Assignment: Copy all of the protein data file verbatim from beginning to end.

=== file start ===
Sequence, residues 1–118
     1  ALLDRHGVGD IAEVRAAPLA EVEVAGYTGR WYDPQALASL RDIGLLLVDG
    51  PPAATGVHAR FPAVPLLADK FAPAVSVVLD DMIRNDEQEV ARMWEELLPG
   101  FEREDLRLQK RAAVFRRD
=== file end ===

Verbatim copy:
Sequence, residues 1–118
     1  ALLDRHGVGD IAEVRAAPLA EVEVAGYTGR WYDPQALASL RDIGLLLVDG
    51  PPAATGVHAR FPAVPLLADK FAPAVSVVLD DMIRNDEQEV ARMWEELLPG
   101  FEREDLRLQK RAAVFRRD